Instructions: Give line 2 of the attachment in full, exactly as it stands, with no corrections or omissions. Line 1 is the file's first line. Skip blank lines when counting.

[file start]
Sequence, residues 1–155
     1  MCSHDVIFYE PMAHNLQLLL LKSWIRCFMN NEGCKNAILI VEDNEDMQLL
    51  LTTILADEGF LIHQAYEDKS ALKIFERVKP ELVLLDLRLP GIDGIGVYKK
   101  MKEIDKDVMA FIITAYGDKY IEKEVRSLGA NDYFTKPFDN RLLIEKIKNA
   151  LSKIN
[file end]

     1  MCSHDVIFYE PMAHNLQLLL LKSWIRCFMN NEGCKNAILI VEDNEDMQLL